Fly tying: where do I begin?

Updated: Jul 6

Three recommended patterns to start tying your own flies.


trout candy

I began my fly-fishing experience approximately 25 years ago in Scotland. On my first excursion I fished a Scottish loch (lake) from a rowboat using a crane fly – known here as a ‘daddy long legs’. Our ghillie (guide) had an unusual technique of tying a live crane fly to a length of ‘floss’ (fishing line) and “dapping” the insect on the top of the water, while my fishing companion and I sent artificial flies of a similar pattern out on the water with soft casts. The live fly was meant to be a decoy - cause a commotion on the surface and stimulate interest, with the hope that this would fool fish into taking our flies. We spent a long day in harsh conditions with little to show for our work, but it was intriguing.


So I spent the next two years thinking that fishing ‘flies’ were actually meant to be a top-water flying insect. Then I visited the Lake District in the U.K. and learned about ‘buzzers’ (nymphs), which were fished under the surface and generally suspended from an indicator (bobber). So with this experience I learned that flies could be flying insects, but could also represent an immature underwater insect…hmmm? And then there is the emerger fly – so it started getting complicated for this very novice fly fisherman!


caught on a 'buzzer'

Over these past 25 years I have learned a lot about how to fly fish, but managed to avoid immersion in the etymology of aquatic insects and other critters that trout feed on. These were finer points of the sport I never really had time or motivation to master, even though I knew it would enhance my skill. I was even more averse to learning to tie flies on my own, as it was infinitely more efficient (for me) to stop by the local fly shop and drop a few dollars on a pattern or two that the fishing manager suggested might work.


So now that I am on the water a lot more (maybe three to four times more in a month than when I was working a full-time job), it starts making sense that I expand my skill set, not just by learning more about what patterns I should be using and why, but also taking pride in having tied those patterns myself. So I turned to a pair of brothers who are fellow members of my local Trout Unlimited (TU) chapter for inspiration on tying basic patterns for our local waters in Northern Virginia. Palmer and Mason are young entrepreneurs who own a fly-tying business called Flies by Two Brothers and they were delighted to share some wisdom with me about how to embark on fly-tying.


Mason's 'polar shrimp'

Mason’s first fly pattern was a ‘polar shrimp’, a classic streamer used for salmon and steelhead fishing, which his parents used on a fishing trip they took to British Columbia. Palmer, on the other hand, demonstrated the initiative that led to their current business by tying his own interpretation of a ‘laserbug’, a streamer pattern similar to a wooly bugger. I wasn’t expecting to be as ambitious, so asked them to recommend simple patterns that I could use on Virginia streams in the coming months.


Palmer's 'laserbug'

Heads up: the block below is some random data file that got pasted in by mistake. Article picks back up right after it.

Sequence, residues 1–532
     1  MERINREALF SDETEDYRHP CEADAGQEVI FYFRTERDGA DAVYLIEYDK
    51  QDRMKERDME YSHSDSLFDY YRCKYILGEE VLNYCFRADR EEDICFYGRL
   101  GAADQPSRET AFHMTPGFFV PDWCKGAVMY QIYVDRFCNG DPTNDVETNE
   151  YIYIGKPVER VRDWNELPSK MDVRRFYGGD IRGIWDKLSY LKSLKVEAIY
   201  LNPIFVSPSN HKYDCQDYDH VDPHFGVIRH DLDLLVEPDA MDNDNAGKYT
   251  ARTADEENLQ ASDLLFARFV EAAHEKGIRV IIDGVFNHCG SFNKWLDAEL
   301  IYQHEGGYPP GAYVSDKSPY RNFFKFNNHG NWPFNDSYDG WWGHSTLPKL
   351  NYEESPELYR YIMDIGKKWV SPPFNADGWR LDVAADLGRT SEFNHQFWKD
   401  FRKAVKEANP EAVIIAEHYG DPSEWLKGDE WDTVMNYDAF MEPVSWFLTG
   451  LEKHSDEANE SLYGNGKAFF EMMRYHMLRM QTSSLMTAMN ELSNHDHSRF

Mason suggested that if I were to tie a pattern for early spring trout fishing, then a traditional nymph might be a good start, such as a pheasant tail or hare’s ear. The latter imitates a mayfly nymph or caddis larvae and are fished as wet flies below the surface.


soft hackle hare's ear nymph

Later in the spring, according to Palmer, would be a good time to focus on top-water, dry flies such as terrestrial (like beetles or ants) or caddis patterns. A yellow, neversink caddis is a dry that imitates an emerging caddisfly or yellow sally mayfly and works particularly well on the streams of the Shenandoah National Park.


neversink

For year-round fishing, Mason and Palmer both agreed that a wooly bugger is an excellent pattern that is also a good beginner fly. The advantage with this streamer is that the fly-tier can be inventive, mixing colors among the tail and body, as well as adding flash and/or rubber legs. This pattern is versatile as it imitates a variety of things trout feed on, such as leeches, crayfish, large nymphs or baitfish.


classic wooly bugger

After this excellent guidance, I expect I will be planting myself in front of a tying vice soon and giving it a try. I have already picked up a starter kit and additional materials for a few nifty patterns that I personally like to use on local waters. I have also recently been to a few tying clinics sponsored by the local fly outfitter. For readers of my blog who reside in the DC metro area, Tidal Potomac Fly Rodders organizes a ‘Beer Tie’ on the second Monday of each month in Clarendon (https://tpfr.org/events.htm) and I recommend checking out that event as you will meet lots of fly fisherman and maybe tie a few flies.


Please also visit the shop on Palmer and Mason’s website and support their efforts to raise awareness of Virginia fly-fishing. Or find them at one of the local fly-fishing shows in Northern Virginia.


I am not being compensated for my mention of Flies by Two Brothers. I am simply a supportive fellow member of TU and have caught trout using their clever fly patterns.

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